Jean Labre (photos M. Vicent-Roubert)All the Harmonicas
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Harmonica... Accordéon... Accordina...

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The first 20 years of the nineteenth century were prolific in inventions, starting with the harmonica and its many derivatives, fruit of imaginative inventors and perfectionistic to the extreme ...
I invite you to revisit with my inventions of this period in the field of the free reed, which after a series of successive mutations will result in the birth of the accordion.

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We are in 1821, in Germany, Christian Friedrich Buschmann invented a small instrument, the Aura, 10cm long, with 15 metal strips that vibrate in the breeze. The aura is simple, almost foolproof and has the characteristics of the harmonica as we know it.

1822 - Following its invention in the previous year, Friedrich Buschmann imagine to associate a small bellows to the Aura, demonstrating that it was be possible to substitute mechanical breathing to human breath. The first fruit of this experience will be baptized Handäoline (hand éoline, photo).
The succession of inventions that will follow, starting from the same reasoning, shows that Buschmann was indeed the precursor of the accordion (which later became the "accordéon").

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1827 — In Paris, Marie Candide Buffet, tuner by trade, invented the metal mouth harmonica (photo below), in his workshop in Rue des Blancs Manteaux, Paris, fourth arrondissement. Buffet's company will experience a rapid and successful development, forcing him to distribute the production in private homes in town. One of them, Jacob Alexander, created in turn, in 1928, a firm specializing in the manufacturing of these instruments.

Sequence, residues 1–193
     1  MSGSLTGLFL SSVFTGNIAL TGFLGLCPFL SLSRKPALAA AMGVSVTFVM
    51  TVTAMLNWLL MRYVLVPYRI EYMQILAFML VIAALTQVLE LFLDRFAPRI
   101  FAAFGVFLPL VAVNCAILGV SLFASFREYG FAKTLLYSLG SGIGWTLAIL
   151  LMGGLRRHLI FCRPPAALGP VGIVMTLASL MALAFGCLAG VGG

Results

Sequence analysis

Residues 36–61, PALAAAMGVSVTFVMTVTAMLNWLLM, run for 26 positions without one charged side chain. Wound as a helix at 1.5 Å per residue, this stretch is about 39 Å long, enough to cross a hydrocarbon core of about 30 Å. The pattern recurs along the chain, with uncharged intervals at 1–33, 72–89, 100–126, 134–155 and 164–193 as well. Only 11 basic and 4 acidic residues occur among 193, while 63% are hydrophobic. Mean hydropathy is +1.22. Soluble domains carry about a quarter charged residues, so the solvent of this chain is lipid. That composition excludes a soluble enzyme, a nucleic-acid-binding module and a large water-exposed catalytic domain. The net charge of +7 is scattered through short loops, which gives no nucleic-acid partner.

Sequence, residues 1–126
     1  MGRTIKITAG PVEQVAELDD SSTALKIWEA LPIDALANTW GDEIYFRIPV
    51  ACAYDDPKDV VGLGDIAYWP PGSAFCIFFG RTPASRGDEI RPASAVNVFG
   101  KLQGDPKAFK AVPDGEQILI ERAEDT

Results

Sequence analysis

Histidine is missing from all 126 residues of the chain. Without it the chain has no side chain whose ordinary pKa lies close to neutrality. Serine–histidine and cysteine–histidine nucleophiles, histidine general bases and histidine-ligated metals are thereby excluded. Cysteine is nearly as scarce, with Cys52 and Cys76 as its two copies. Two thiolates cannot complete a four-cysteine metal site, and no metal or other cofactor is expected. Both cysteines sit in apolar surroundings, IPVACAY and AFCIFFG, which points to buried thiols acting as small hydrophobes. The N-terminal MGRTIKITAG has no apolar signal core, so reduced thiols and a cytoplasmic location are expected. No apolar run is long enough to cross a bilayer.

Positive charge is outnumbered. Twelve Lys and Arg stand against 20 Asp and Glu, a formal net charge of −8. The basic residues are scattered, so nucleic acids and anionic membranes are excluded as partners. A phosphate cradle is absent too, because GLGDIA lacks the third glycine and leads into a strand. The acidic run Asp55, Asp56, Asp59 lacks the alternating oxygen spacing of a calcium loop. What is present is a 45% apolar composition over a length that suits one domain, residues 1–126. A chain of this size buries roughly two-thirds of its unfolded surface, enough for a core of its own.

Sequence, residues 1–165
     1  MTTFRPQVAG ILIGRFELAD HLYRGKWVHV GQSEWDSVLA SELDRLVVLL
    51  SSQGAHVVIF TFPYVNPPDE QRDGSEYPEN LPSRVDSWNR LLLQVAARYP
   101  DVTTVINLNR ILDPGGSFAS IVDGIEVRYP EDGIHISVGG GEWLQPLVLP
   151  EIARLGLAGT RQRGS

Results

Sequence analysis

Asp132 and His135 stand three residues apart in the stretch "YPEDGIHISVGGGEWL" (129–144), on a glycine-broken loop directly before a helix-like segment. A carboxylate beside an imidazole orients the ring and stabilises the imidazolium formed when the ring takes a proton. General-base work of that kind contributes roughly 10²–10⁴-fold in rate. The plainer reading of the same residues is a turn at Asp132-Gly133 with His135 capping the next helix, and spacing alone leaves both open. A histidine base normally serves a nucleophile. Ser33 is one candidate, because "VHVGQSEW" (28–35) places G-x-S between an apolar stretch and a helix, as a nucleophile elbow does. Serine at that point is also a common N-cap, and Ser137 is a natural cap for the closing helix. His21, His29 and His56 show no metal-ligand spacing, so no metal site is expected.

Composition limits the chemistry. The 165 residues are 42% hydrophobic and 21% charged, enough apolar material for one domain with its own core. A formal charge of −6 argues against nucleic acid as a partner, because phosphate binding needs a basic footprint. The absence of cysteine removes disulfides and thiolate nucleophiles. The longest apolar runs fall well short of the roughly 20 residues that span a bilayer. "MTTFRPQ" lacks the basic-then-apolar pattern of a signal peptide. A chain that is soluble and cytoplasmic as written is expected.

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The number of instruments that will be invented at that time will not cease to grow. What will bring Buffet Marie Candide to move into larger premises, rue des Francs Bourgeois in the Marais.

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Having reached the same conclusions as Christian Friedrich Buschmann, he invented a new instrument based on the principle of mechanical bellows called the accordion, of which he will he will therefore ensure the production.

It seems that with some others (Buffon, Wheatstone, Demian, Hohner, etc.), M.C. Buffet has manufacture and sell this new instrument. He will do so until 1837, in collaboration with Mathieu François Isoard, mechanic luthier, always anxious to improve the instrument. He died in 1859 at the age of 62. He will remain a symbol of the passage of the harmonica to accordion.
(Photo Marie Candide Buffet Space, Orgelet, his city of birth, National Heritage Site / Franche Comté).

1829 — Cyril Demian creates the Hand Harmonica, taking out a patent in Vienna May 6, 1829, using the concept borrowed from Christian Friedrich Buschmann handäoline, to replace the human breath by a mechanical bellows.
1829 — the same year in England, Charles Wheatstone invented a small hexagonal instrument similar to the accordion, the concertina, transforming his first invention, the mouth Symphonium (1825) into a Bellows Symphonium (photo below) .

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Which will result in 1840/1849 with the invention of the Bandoneon by Heinrich Ban, Germany, whose first models, although square instead of hexagonal, suggested a similarity with the Wheatstone concertina, and, other similarity the gestures of the musicians, a sign of belonging to the same instrumental family.


It is clear that without the invention of the harmonica, the accordion would probably never have emerged at this time.

From Accordion ... to Accordina